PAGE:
Dec 21, 2016; San Diego, CA, USA; Wyoming Cowboys quarterback Josh Allen (17) looks to pass during the third quarteragainst the Brigham Young Cougars at Qualcomm Stadium. Mandatory Credit: Jake Roth-USA TODAY Sports

With only two matchups between ranked teams, Week 3 of the 2017 college football season is an ideal time for underdogs to make a statement.

Highlighted by Louisville quarterback Lamar Jackson, many players mentioned in this edition are looking to carry the program to an unanticipated victory. So, in a week the favorites should control, it’s best to identify the players most capable of shaking up the predictions.

The list is organized chronologically based on kickoff time.

Riley Ferguson, quarterback, Memphis

The season opener against Louisiana-Monroe was a terrible, horrible, no good, very bad day for Ferguson and the Memphis offense. He completed only 10-of-25 passes for 97 yards, tossing an interception while managing one touchdown run in a 37-29 win.

After a week off due to a cancelled game, the senior must try to bounce back against UCLA. Given the combination of Josh Rosen’s torrid streak and Memphis’ likely defensive struggles, though, Ferguson may be chasing the Bruins on the scoreboard. He better be ready to forget Week 1 and make this a high-scoring contest.

Qadree Ollison, running back, Pitt

Pitt cannot keep up with Oklahoma State’s high-powered offense. Slowing down the game is the only chance the Panthers have at an upset, and that responsibility mostly falls on Qadree Ollison. The powerful running back has picked up 90-plus yards in both games so far. But the Cowboys, one season after being slightly below average defending the run, have surrendered just 2.5 yards per carry during the first three quarters of games this season. Pitt needs to establish the ground game, but it’ll be a challenge to accomplish.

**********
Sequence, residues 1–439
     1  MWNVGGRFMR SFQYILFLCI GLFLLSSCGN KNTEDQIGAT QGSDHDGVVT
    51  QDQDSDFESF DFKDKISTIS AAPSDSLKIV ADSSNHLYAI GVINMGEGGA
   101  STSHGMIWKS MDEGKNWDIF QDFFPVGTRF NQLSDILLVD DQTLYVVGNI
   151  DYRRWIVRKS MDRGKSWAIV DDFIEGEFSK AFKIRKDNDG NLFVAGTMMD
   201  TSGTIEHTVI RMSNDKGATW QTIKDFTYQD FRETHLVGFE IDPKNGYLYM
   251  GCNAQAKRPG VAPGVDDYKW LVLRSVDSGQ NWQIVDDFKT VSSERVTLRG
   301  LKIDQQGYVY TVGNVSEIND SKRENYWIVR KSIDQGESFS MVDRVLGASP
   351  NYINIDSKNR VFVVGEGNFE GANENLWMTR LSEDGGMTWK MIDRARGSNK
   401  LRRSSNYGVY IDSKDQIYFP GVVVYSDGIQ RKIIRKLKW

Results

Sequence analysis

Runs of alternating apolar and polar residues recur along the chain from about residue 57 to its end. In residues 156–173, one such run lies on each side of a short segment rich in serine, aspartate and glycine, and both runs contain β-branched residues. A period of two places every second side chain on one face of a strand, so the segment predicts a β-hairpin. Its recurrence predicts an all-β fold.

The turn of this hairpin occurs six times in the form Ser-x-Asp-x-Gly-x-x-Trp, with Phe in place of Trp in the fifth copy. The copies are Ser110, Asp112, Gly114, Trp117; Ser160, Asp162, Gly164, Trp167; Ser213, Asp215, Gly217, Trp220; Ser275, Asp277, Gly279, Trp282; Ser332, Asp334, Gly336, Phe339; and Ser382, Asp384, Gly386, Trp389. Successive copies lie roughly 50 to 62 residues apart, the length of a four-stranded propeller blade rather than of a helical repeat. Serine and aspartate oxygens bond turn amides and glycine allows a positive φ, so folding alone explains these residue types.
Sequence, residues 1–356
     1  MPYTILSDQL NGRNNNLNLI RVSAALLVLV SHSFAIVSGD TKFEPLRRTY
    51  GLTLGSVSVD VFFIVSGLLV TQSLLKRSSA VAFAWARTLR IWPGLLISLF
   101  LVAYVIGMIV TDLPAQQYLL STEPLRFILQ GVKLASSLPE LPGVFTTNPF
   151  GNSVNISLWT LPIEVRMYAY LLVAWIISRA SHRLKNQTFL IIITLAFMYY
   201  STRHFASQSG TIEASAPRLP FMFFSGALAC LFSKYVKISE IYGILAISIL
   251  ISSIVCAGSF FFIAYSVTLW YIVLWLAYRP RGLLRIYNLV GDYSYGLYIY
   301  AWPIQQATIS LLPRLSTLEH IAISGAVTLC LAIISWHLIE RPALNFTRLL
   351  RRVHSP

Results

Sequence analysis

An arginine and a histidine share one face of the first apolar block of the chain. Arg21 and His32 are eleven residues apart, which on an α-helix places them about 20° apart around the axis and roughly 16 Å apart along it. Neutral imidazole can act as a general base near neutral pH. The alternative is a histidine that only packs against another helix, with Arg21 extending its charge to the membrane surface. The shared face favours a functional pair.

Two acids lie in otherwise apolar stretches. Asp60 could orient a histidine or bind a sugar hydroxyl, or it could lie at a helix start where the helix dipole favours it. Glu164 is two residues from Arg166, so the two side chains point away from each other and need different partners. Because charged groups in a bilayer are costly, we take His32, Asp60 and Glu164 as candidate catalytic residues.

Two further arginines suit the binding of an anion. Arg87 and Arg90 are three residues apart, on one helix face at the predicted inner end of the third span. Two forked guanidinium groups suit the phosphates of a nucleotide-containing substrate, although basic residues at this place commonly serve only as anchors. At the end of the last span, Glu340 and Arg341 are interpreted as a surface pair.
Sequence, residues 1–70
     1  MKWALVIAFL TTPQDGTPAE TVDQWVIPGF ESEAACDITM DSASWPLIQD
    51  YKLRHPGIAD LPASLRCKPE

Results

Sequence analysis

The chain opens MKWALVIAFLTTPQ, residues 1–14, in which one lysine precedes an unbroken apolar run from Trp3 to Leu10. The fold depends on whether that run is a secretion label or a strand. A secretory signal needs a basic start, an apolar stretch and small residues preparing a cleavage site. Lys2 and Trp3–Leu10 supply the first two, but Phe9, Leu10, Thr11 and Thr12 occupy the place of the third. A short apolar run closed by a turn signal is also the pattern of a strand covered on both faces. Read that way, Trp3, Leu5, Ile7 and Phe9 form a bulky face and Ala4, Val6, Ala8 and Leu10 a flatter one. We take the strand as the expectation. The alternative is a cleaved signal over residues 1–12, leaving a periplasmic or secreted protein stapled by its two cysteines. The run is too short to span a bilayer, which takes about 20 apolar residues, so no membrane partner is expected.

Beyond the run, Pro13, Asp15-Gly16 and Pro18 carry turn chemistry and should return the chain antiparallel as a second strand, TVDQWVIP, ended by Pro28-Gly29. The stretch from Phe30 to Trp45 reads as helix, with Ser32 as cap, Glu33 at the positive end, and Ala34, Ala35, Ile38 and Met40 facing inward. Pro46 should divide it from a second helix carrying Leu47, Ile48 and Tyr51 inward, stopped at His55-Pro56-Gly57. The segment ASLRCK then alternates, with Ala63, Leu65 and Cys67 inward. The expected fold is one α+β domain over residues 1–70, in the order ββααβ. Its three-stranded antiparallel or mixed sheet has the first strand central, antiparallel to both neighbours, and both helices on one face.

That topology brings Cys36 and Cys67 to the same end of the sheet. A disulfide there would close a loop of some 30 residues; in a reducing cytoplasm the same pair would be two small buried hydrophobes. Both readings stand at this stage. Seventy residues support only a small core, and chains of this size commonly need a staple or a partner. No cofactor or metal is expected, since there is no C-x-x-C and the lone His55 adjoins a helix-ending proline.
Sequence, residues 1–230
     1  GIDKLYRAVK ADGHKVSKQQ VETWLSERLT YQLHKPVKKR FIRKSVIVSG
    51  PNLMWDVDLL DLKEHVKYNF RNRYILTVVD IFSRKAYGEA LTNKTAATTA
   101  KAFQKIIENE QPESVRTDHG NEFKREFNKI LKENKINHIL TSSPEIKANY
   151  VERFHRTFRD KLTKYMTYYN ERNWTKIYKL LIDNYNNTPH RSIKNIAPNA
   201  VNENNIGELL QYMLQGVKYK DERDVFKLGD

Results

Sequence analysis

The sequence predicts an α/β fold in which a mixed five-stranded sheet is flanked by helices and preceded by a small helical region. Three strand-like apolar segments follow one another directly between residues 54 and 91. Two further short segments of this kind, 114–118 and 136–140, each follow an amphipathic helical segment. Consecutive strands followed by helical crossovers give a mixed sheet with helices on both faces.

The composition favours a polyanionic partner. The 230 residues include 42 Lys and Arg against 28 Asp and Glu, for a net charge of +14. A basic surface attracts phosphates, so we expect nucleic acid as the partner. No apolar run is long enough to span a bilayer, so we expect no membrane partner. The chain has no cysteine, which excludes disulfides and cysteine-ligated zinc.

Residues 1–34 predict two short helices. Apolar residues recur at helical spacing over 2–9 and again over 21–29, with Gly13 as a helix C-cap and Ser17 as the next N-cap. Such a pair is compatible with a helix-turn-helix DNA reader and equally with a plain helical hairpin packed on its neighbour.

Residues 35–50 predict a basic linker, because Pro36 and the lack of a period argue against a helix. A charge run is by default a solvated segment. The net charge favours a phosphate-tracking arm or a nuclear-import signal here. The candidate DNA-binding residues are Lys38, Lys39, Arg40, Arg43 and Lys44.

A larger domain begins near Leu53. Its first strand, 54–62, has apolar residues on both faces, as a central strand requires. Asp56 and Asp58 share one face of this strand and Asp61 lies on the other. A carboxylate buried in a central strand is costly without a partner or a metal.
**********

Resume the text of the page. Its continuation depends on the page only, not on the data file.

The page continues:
Zach Smith, quarterback, Baylor

After falling to Liberty and UTSA to begin the campaign, Baylor is replacing Anu Solomon and turning to Zach Smith. Last year as a freshman, he entered the lineup during the last four-plus games and tossed 12 touchdowns to seven interceptions. So, there is a familiarity with Smith behind center.

Does that mean the Bears can upend Duke on the road? Considering the Blue Devils recently rocked Northwestern 41-17, Baylor is meeting the ACC program at the wrong time. The anticipated improvement in the passing game with Smith must surpass what the offense loses in Solomon’s mobility.

Tanner Mangum, quarterback, BYU

Tanner Mangum’s return to the starting role has not proceeded as hoped. He mustered 194 yards against Portland State, 102 yards in a shutout loss to LSU and tossed three interceptions during the Holy War loss opposite rival Utah. The road is not getting any easier, however, since Wisconsin is coming to town.

The Badgers have ceded just 6.0 yards per attempt, notched six sacks and intercepted three passes through their first two games. Even worse for Mangum and BYU, Wisconsin’s pass defense is weaker than its run defense. The Cougars may have immense trouble moving the ball Saturday afternoon unless Mangum is efficient through the air.

Quinten Dormady, quarterback, Tennessee

Even though Tennessee stole an overtime win over Georgia Tech, it wasn’t a great showing from Quinten Dormady and the passing game. Last week’s painless triumph against Indiana State was simply a tune-up for the showdown with Florida, though. The Gators held Michigan to a 46.2 completion percentage and returned two interceptions for touchdowns.